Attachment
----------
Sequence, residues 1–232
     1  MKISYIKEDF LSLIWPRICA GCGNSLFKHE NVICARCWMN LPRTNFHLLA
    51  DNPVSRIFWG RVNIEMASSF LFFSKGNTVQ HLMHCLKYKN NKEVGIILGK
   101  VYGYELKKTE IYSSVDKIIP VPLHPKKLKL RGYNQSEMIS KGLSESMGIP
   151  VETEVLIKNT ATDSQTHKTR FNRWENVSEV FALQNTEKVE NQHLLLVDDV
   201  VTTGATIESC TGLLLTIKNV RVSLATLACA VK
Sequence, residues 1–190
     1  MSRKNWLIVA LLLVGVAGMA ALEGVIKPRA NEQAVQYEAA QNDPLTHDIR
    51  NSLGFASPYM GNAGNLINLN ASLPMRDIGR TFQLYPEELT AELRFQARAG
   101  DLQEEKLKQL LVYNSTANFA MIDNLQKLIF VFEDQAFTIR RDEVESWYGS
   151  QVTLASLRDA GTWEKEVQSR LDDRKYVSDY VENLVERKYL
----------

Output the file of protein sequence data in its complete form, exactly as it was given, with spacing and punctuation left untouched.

Sequence, residues 1–232
     1  MKISYIKEDF LSLIWPRICA GCGNSLFKHE NVICARCWMN LPRTNFHLLA
    51  DNPVSRIFWG RVNIEMASSF LFFSKGNTVQ HLMHCLKYKN NKEVGIILGK
   101  VYGYELKKTE IYSSVDKIIP VPLHPKKLKL RGYNQSEMIS KGLSESMGIP
   151  VETEVLIKNT ATDSQTHKTR FNRWENVSEV FALQNTEKVE NQHLLLVDDV
   201  VTTGATIESC TGLLLTIKNV RVSLATLACA VK
Sequence, residues 1–190
     1  MSRKNWLIVA LLLVGVAGMA ALEGVIKPRA NEQAVQYEAA QNDPLTHDIR
    51  NSLGFASPYM GNAGNLINLN ASLPMRDIGR TFQLYPEELT AELRFQARAG
   101  DLQEEKLKQL LVYNSTANFA MIDNLQKLIF VFEDQAFTIR RDEVESWYGS
   151  QVTLASLRDA GTWEKEVQSR LDDRKYVSDY VENLVERKYL